Correlating FDO with the Installer

Final Document,

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Introduces a correlation ID into the OVEExtra facility. Discusses the responsibilities and level of trust in the FDO installer. Even though FDO follows an "untrusted installer" model, there is still some trust required. Moreover, the work of the installer must be coordinated and correlated with the work of the Owner Server (the "NOC") to be useful.

1. Introduction

FDO self-describes as following an "untrusted installer" model, where the installer person does not participate in the communications protocol. However, the installer is trusted for other things. In particular, the installer is trusted to install the physical hardware and to report accurately what hardware is installed where. This trust is critical to achieving the correct operation of remotely controlled hardware that is installed with FDO.

Consider an installer with a pallet of network-controllable lighting fixtures to install using FDO. We expect the installer to install one lighting fixture in each room. One way to do this is to register each device with a room number in the controlling operations center, then label the room number on each fixture. However, this would require the installer to waste time searching for the right fixture as he moves from room to room. A likely workflow is for the installer to take one fixture, at random, from a pallet of new equipment as he moves from room to room in the most convenient order. Then the installer fills in a form or spreadsheet to show which fixture ended up where. The installer needs an identifier to put on the form, presumably a value read or scanned from the outside of the fixture or the box it came in.

Now we assume that each fixture is turned on. FDO onboards the fixture to the Owner Server, which logs the transaction using fields it has from the Ownership Voucher, the network connection and from FDO.

Now the Owner Server must correlate the information from the FDO connection with the information from the installer, to determine which lighting fixture ended up in each room. The obvious conclusion is that the correlation value must be somewhere in the Ownership Voucher.

There are various ways to correlate the ownership voucher with a device that has been installed. In this App Note, we propose adding a value to the OVEExtra field to perform this function.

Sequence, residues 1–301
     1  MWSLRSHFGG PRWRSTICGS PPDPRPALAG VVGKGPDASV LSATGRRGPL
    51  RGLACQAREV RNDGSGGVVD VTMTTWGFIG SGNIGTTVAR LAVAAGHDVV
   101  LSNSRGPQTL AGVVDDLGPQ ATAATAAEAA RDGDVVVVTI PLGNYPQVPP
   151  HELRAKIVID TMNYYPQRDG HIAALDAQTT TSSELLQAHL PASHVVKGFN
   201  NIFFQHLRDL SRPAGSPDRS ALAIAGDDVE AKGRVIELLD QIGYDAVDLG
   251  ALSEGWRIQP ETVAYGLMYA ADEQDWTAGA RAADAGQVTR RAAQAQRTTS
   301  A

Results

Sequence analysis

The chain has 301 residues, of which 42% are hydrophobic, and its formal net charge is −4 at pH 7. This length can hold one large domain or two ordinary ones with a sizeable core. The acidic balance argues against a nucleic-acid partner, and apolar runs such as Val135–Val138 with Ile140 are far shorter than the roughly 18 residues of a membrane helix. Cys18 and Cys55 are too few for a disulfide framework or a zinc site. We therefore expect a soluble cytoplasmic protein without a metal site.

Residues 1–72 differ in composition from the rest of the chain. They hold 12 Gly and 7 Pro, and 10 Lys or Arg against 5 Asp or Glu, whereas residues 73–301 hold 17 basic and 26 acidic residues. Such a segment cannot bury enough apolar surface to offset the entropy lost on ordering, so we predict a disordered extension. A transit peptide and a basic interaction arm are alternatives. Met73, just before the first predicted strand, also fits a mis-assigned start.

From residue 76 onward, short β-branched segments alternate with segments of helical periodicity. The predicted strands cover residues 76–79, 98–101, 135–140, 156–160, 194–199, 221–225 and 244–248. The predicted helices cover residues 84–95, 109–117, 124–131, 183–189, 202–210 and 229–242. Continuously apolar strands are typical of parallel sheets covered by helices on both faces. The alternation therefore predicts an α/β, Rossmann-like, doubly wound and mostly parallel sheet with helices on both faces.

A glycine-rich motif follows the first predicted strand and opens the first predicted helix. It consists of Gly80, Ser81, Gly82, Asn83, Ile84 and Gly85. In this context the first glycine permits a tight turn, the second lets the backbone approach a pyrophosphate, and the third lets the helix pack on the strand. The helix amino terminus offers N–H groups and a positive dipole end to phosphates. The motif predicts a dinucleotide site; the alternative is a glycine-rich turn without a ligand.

2. Correlation Early in the Supply Chain

We have described how an installer at the end of the supply chain needs to correlate his actions with the Ownership Voucher. A similar correlation can happen earlier in the supply chain.

It is possible for a module that performs FDO to be included in a larger deliverable. For example, a smart lighting module might be included in a lighting fixture; a motor control unit might be included in a window frame with blinds to raise and lower.

In this case, the correlation problem happens in reverse; any correlation ID on the device is obscured, as the device is enclosed within another. One simple solution would be to copy the correlation ID on the module to the external device. However, the external device may already have its own ID or bar code, placed prominently on the case or box, so it might be better to adopt this correlation ID than to try to add another one.

3. Supplying Correlation ID’s

We propose adding an explicit "correlation ID" to the Ownership Voucher, stored as a field in the OVEExtra facility:

OVEExtraType = int

# Definitions for CorID as (Type,Value)
# The OVEExtraInfoType is already a bstr, we pack the correlation ID
# directly into it.
OVEExtraTypeCorID     = 2
OVEExtraInfoTypeCorID = bstr


If the value of OVEExtraTypeCorID is chosen as a cryptographic random number, a 48-bit value is likely sufficient even for very large FDO deployments. If the value is chosen from a product-specific numeric space, another size may be appropriate.

A 48-bit cryptographic random number for OVEExtraTypeCorID is recommended.

4. Overriding the Correlation ID

Since the correlation ID (identified with OVEExtraTypeCorID) appears in the Ownership Voucher entry


it is possible for multiple a correlation ID to appear in more than one Ownership Voucher entry. This is interpreted as the later correlation ID overriding the previous ID.

Thus, to obtain the correct correlation ID to use, the Ownership Voucher entries must be scanned, from first to last entry, for the presence of OVEExtraInfoType, and the last value used. This operation may be implemented as a stand-alone scan or as an addition to existing FDO code that scans the Ownership Voucher, such as the code that verifies the integrity of the Ownership Voucher when a new voucher is received.

5. Example of how OVEExtraTypeCorID value is used